Sales Process 0 Comment
Four Types of Sales Objections and How to Overcome Them
Objections come in all shapes and sizes and rear their ugly head throughout the sales process.
You’ve likely encountered responses like:
- I like your solution, but I don’t think it’ll work for us
- I’ve been talking to a few other providers and your fees are at least 20% higher
- Sounds good in theory, but I have a pretty full plate for the foreseeable future
- We’re already working with someone who handles all of our needs in that area
- I just don’t think a project like this is within our current budget
Overcoming objections is an important step to winning any sale. How you approach objection handling is often the difference between gaining a new customer and losing an opportunity.
The Four Most Common Types of Objections
Objections tend to fall in four common categories, regardless of the product or service you sell:
- Lack of need. Buyers either don’t perceive the need to solve a problem or don’t perceive there is a problem. In this case, what you’re selling doesn’t resonate with the buyer or they simply don’t see the value in what you offer.
- Lack of urgency. Buyers don’t see the full impact and value of your solution. Typically, when urgency is an issue, other priorities trump your project.
- Lack of trust. Buyers feel uncertain about you, your solution, or your company. In this case, buyers may have a need and want to address it, but they don’t believe that you can achieve or deliver what you say you will.<
- Lack of money. While this is the most common objection, pricing objections can also be a disguise for something else. It’s important to get to the heart of the matter.
Identify which category objections fall into as they arise so you can respond to them effectively.
A Simple Process for Overcoming Objections
The next time you’re on a sales call and there’s an objection, follow this simple, powerful process to handle objections and move the sale along.
Listen: When sellers hear an objection, their first instinct may be to address the objection immediately. They want to immediately overcome it and move forward with the close.
This, however, leaves hidden and un-voiced objections lingering beneath the surface. Instead of responding immediately, ask the buyer: “What else?” Get to the bottom of what’s really concerning them. Give them room to speak. Let silence fill the air as they ponder the question.
You may find that their first objection is not the real problem after all.
Understand: Seek to understand the objection. If you followed step one, you know many objections hide underlying issues that the buyer isn’t ready to articulate. Often the true issue is not what the buyer first tells you.
Seek to get to the heart of the objection. Use “why” questions to clarify. Questions like:
- Why do you think that?
- Why is that important?
- What caused you to have that concern?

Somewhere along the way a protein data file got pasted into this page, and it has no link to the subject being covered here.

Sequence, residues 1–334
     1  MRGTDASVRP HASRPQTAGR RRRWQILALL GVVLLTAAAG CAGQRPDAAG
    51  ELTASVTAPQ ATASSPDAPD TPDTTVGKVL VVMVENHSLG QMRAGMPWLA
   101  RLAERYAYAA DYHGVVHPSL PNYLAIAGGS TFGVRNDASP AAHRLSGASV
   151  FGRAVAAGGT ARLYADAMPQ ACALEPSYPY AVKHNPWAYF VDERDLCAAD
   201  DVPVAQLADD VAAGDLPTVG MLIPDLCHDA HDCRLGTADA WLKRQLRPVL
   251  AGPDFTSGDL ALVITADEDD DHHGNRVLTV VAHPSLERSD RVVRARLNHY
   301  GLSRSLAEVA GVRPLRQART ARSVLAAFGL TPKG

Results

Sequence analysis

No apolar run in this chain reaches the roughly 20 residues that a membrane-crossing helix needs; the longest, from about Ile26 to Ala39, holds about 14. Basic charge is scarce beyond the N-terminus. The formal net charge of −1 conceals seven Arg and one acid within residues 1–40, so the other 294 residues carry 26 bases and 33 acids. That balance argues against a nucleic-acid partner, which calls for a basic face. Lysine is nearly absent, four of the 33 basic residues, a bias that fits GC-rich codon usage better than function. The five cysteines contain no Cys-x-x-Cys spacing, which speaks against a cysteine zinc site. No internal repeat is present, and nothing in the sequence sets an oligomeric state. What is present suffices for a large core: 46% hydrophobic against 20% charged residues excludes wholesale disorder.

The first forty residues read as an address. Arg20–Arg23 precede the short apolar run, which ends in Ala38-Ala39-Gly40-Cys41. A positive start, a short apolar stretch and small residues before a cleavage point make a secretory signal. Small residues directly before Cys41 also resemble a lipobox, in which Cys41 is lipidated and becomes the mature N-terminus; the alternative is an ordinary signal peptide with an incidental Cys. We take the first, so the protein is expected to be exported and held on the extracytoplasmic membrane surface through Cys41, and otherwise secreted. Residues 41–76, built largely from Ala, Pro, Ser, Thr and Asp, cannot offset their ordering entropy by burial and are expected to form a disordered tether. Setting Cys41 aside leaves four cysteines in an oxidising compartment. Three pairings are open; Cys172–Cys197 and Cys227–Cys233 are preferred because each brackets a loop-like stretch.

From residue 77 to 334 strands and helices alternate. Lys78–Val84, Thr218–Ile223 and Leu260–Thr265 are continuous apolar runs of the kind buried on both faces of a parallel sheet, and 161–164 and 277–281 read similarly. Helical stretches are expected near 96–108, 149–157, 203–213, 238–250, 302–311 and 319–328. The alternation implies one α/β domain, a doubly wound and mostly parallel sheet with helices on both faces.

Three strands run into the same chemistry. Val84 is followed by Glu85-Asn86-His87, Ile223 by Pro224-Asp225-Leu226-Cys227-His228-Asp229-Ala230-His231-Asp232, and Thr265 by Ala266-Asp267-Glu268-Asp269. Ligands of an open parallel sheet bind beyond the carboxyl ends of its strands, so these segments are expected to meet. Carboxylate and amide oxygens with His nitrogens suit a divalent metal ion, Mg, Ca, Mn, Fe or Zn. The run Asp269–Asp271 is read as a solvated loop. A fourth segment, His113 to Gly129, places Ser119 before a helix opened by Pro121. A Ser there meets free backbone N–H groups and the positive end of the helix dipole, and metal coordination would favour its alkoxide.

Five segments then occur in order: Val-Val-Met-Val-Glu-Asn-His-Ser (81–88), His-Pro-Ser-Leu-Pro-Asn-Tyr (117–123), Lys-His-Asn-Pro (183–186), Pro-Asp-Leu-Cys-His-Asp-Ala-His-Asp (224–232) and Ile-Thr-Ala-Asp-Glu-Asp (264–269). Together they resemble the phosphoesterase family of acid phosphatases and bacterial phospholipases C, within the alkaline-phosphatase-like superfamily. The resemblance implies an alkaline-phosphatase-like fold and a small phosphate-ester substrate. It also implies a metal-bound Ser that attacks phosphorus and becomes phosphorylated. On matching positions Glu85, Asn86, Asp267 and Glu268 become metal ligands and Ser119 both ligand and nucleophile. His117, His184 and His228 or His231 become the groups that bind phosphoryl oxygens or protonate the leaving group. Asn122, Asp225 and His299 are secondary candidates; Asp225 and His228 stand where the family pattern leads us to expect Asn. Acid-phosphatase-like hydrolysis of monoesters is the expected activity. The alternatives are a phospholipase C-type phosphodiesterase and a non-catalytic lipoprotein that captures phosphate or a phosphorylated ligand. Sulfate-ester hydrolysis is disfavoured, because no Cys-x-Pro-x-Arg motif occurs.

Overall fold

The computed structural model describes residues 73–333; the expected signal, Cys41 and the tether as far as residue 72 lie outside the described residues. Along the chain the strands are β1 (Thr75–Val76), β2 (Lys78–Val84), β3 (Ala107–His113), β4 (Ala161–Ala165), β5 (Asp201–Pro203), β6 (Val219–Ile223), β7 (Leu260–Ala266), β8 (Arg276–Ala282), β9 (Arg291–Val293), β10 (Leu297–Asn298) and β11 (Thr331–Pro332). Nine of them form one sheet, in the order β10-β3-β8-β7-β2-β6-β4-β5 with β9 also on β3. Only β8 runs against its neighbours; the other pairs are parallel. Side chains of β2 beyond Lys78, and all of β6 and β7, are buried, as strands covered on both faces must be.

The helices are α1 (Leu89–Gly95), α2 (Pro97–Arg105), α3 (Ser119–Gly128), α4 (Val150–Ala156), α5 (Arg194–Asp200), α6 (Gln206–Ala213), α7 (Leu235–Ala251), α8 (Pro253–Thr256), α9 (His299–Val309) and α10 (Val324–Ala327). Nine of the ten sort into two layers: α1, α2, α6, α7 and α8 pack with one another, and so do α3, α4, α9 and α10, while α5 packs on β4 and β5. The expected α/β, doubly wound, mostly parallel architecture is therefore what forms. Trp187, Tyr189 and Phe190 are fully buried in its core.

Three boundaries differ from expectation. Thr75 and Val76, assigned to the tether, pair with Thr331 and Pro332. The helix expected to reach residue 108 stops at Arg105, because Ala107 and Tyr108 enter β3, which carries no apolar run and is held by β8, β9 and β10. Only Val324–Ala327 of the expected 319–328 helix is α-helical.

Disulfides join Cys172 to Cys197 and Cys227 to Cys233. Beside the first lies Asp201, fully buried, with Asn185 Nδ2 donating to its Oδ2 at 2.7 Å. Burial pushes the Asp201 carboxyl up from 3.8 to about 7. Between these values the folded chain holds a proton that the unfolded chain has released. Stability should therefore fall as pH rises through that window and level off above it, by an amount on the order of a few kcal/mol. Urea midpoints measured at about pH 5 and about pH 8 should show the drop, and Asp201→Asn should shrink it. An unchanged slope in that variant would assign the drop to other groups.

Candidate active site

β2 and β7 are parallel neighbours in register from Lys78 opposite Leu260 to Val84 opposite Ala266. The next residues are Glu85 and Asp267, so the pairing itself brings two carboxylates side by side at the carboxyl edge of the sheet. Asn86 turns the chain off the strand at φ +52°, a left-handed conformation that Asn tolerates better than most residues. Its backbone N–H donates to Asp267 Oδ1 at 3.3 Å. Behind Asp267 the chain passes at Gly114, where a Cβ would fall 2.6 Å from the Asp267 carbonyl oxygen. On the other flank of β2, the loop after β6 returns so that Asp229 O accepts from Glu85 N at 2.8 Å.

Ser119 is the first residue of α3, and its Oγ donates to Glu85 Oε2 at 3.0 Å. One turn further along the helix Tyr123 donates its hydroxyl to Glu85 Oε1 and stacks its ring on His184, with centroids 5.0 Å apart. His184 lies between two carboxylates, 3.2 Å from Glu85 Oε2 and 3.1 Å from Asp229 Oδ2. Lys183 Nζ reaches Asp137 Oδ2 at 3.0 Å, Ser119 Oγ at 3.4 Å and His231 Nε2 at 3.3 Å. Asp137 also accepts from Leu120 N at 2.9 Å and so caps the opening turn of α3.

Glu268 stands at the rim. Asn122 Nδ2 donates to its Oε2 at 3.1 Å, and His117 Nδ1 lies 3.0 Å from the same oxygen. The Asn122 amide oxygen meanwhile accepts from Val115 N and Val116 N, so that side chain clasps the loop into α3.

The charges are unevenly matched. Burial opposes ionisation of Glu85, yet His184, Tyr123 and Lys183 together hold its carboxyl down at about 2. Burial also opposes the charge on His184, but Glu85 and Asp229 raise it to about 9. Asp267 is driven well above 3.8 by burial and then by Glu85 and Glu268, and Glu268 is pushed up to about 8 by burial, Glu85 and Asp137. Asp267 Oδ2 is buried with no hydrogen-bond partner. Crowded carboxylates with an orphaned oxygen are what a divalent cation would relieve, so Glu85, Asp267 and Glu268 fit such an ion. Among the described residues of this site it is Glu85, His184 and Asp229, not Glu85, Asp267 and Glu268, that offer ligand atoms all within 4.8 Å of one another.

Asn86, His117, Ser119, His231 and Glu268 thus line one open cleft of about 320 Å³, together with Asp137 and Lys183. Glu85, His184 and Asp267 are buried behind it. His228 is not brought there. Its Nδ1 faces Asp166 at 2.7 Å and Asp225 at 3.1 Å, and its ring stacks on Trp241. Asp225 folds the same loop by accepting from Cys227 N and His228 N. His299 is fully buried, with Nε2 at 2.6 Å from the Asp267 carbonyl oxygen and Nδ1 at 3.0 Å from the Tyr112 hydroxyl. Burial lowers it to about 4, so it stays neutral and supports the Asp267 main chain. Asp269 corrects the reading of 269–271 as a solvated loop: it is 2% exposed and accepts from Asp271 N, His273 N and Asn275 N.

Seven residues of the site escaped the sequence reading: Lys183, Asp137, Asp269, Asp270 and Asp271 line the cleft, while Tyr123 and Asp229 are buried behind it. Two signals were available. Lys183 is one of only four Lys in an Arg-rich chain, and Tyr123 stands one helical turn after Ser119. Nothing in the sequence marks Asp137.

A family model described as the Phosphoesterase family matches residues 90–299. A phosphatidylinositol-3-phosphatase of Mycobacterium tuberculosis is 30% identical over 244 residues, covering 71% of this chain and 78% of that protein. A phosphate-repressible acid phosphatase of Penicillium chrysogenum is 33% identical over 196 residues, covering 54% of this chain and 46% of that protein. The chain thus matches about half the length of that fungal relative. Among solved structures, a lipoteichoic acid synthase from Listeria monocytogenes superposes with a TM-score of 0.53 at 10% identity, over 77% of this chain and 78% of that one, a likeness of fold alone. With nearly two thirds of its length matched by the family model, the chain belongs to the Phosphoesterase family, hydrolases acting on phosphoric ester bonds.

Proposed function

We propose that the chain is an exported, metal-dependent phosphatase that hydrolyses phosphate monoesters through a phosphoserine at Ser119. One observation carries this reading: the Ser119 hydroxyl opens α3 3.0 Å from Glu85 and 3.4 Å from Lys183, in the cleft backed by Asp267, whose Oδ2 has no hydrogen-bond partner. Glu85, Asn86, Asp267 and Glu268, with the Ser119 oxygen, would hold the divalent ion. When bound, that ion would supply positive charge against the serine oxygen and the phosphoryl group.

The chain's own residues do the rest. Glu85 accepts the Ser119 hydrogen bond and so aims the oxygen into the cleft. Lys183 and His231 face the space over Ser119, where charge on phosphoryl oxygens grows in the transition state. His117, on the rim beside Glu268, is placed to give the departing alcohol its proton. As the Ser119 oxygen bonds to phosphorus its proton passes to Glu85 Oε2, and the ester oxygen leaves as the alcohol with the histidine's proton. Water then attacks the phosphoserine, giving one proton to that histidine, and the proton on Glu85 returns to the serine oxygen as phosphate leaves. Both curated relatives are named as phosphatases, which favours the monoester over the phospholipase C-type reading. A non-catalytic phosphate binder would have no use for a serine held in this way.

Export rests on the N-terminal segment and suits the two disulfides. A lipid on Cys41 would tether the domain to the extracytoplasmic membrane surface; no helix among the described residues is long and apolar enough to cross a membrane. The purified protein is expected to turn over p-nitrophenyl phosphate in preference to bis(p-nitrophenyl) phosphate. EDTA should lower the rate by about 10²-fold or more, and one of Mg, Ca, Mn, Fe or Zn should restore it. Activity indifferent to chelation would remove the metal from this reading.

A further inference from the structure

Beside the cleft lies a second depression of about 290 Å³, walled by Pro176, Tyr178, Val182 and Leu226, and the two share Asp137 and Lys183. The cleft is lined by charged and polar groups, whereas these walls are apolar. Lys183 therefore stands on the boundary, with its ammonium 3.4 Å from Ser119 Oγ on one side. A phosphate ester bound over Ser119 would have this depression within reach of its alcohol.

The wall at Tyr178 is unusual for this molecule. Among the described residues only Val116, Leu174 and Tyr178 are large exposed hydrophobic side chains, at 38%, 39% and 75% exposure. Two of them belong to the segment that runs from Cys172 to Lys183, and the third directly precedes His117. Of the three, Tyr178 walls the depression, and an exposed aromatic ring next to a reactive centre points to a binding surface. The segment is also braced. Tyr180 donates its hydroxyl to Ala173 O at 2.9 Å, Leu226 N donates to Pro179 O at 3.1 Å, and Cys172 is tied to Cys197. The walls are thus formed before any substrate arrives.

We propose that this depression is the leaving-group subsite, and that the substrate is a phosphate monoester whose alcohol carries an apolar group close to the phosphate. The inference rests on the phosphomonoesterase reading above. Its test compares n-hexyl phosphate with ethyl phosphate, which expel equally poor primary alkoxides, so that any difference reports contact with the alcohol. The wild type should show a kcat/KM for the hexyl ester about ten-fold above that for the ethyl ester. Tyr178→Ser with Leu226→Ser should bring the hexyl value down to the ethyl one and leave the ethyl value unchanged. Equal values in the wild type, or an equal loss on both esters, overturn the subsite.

Respond: Address the objections and concerns after you’ve uncovered and understood them. Discuss the most important one first and, if possible, work to resolve the issue immediately. If it’s an objection you need to look into, let them know the next steps you need to take and when you will get back to them.
Don’t let any objection linger longer than necessary and don’t leave any objection untouched or unaddressed.
Confirm: Work to gain commitment from the buyer on the resolution. Ask the buyer if they’re satisfied with the resolution, don’t just assume they are. Ask if there are any other concerns. Don’t move forward until all concerns have been addressed with confirmation.
Some objections require a process to overcome and there won’t be an immediate answer. If this is the case, schedule another time to continue the discussion.
This process is so powerful and effective because it solves the problem most salespeople face: they rush to overcome sales objections too quickly. Buyers don’t like that, and it puts them on the defensive. With these four steps, sales reps are more likely to earn the trust of the prospect in order to then dispell their concerns. before dispelling their concerns.
Planning Ahead for Common Objections
Think about the common objections you hear and write them down. Then ask yourself:
- How can you respond to this objection? What are the different responses or negotiation options for each situation?
- Are there any actions you can take in the future to minimize this objection? Addressing objections upfront before a buyer has a chance to articulate it can help move the sale through the process more quickly.
Thinking about objections ahead of time and practicing how you will respond will go a long way toward effectively handling and overcoming objections.
The next time you’re faced with an objection, remember to listen, understand, respond, and confirm. Follow this process and you will not only overcome objections but also win more sales.